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Although we wish we were celebrating a major increase in the population or thousands of restored acres of habitat, Audubon is applauding the U.S. Fish and Wildlife Service’s (USFWS) recent decision to retain federal protections for the Western Yellow-billed Cuckoo under the Endangered Species Act. Habitat loss and other threats to this bird in the West continue with less than 2,000 breeding pairs of the Western Yellow-billed Cuckoo throughout its range.
A group representing the mining and ranching industries and other business interests petitioned the USFWS to remove Endangered Species Act protections from the Western Yellow-billed Cuckoo, part of a coordinated attempt to chip away at the 1973 law species by species.
In response to these efforts, Audubon opposed the effort to remove the western distinct population segment (DPS) of the Yellow-billed Cuckoo from the protections it currently has under the Endangered Species Act and nearly 25,000 of our members echoed that concern—we submitted their comments to the USFWS. In our 2019 comment letter, we shared information on population levels and projected trends, priority habitats, and continued threats, including the potential effects of climate change on the species and its habitat.
Within the last 50 years, primarily because of habitat loss along streams and rivers, the population size and distribution of Western Yellow-billed Cuckoo have declined substantially. Found in only a fraction of its former range in the American West, the Western Yellow-billed Cuckoo is listed as endangered in California, critically imperiled in Nevada, sensitive in Utah, and of concern or of greatest conservation need in seven additional western states. A restricted range, combined with a low population makes this species highly vulnerable to environmental stressors, such as habitat loss, invasive species, and drought.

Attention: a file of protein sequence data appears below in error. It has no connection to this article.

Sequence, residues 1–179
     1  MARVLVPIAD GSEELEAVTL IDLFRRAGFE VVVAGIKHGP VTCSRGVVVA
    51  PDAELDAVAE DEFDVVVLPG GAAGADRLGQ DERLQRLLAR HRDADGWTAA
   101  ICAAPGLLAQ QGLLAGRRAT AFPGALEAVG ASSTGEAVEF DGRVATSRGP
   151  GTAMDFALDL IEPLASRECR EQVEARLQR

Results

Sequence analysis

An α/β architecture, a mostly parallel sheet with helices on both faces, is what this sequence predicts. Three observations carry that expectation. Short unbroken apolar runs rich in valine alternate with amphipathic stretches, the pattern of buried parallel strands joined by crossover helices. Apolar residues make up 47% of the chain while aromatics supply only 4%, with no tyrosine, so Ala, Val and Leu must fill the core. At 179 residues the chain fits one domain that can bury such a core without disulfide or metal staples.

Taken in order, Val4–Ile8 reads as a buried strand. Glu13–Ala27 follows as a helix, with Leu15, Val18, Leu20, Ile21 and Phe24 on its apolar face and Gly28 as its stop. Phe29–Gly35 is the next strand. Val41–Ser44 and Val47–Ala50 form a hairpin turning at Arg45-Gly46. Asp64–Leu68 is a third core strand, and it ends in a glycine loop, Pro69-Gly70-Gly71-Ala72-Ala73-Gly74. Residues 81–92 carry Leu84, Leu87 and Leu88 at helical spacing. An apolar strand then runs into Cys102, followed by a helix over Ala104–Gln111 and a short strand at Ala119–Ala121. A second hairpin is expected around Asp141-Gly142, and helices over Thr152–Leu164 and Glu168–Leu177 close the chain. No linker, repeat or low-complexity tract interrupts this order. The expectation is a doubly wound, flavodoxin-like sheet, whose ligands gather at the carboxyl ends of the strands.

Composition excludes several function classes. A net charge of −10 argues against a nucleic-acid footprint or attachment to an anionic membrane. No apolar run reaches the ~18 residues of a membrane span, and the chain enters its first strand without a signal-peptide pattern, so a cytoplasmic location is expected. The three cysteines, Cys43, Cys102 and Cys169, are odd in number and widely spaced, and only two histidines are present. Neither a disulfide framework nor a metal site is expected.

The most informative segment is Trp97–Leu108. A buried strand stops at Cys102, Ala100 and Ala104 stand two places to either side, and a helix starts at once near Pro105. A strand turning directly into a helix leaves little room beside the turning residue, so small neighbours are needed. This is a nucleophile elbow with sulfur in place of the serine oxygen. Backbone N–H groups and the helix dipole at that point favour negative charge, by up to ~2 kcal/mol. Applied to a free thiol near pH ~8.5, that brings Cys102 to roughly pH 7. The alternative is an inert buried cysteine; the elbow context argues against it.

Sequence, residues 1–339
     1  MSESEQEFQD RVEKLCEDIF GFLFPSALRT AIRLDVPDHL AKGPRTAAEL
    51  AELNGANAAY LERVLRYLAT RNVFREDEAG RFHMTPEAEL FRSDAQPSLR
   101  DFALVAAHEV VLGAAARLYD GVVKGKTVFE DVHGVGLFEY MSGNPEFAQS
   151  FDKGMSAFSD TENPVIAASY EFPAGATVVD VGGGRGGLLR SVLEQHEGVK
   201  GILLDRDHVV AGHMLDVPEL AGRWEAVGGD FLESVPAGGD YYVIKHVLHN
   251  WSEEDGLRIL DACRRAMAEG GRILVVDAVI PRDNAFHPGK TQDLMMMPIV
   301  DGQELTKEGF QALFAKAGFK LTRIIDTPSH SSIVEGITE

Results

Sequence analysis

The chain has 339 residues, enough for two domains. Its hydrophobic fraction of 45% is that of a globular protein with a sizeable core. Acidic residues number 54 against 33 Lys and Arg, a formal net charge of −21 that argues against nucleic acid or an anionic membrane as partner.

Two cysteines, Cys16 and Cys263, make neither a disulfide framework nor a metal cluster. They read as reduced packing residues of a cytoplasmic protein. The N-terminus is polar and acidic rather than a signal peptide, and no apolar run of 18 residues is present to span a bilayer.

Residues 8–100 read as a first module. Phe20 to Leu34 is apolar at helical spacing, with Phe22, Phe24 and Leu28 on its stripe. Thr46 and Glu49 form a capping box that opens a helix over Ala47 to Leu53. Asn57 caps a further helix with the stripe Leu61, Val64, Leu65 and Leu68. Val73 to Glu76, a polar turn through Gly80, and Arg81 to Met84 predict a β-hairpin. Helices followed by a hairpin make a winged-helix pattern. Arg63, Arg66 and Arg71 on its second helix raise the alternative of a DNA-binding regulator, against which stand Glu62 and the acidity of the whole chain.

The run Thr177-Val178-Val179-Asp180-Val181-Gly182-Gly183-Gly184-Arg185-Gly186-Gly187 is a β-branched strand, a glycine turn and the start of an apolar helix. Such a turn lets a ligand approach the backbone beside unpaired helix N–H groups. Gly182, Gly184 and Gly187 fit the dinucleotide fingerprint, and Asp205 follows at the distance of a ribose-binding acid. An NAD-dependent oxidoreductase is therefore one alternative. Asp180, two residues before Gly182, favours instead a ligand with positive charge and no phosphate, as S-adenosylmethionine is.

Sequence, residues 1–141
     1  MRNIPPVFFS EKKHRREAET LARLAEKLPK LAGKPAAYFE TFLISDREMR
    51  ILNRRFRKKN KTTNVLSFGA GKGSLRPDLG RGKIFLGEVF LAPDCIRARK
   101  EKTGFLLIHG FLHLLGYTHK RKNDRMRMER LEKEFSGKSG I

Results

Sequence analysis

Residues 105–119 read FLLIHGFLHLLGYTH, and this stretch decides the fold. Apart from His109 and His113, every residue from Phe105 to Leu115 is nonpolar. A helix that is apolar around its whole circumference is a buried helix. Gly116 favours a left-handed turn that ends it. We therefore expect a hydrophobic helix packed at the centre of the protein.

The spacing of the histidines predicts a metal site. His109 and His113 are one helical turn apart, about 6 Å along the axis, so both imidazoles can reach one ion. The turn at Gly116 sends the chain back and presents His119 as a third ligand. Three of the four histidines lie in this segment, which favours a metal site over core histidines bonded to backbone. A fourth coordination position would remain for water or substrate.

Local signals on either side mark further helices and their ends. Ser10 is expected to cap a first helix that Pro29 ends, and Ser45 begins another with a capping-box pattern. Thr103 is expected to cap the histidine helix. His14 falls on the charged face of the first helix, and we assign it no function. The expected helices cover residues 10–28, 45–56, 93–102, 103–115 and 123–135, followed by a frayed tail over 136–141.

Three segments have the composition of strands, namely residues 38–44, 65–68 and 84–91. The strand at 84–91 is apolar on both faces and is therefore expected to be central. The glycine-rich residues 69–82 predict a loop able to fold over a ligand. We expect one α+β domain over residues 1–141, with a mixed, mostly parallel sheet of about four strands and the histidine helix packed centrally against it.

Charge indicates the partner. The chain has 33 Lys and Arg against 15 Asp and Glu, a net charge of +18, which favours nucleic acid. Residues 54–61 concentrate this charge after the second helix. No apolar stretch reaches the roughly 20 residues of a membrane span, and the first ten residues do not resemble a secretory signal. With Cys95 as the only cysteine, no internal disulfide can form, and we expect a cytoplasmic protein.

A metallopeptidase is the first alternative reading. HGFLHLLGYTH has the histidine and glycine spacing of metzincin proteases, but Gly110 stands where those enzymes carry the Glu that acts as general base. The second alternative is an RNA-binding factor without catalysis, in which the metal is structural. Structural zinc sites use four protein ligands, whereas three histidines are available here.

We are happy to report that the USFWS announced their finding on the petition to remove the DPS of the Western Yellow-billed Cuckoo from the List of Endangered and Threatened Wildlife. The USFWS notice states, “After a thorough review of the best available scientific and commercial information, we find that it is not warranted at this time to delist the DPS of the western yellow-billed cuckoo.”
At this time, the USFWS is also considering changes in designated critical habitat for the Western Yellow-billed Cuckoo, which inadequately addresses portions of its range as Audubon pointed out in our letter earlier this year. Particularly when the majority of the species' range has not been surveyed on a regular basis, more information is needed for improved conservation of this species. Both Audubon and the USFWS welcome any new information relevant to the Western Yellow-billed Cuckoo or its habitat. Audubon encourages a federally funded, multi-state, coordinated strategy to study and improve conditions for this bird. There is an urgent need for leadership from the USFWS to help address declining and vulnerable species by protecting, creating, restoring, and reconnecting habitat that will contribute to species recovery, adaptation, and resiliency in the face of climate change.
Audubon is pleased that this bird will continue to enjoy federal protections as it struggles for survival against all the threats it faces. Thanks to everyone who contributed science information and spoke up for this bird!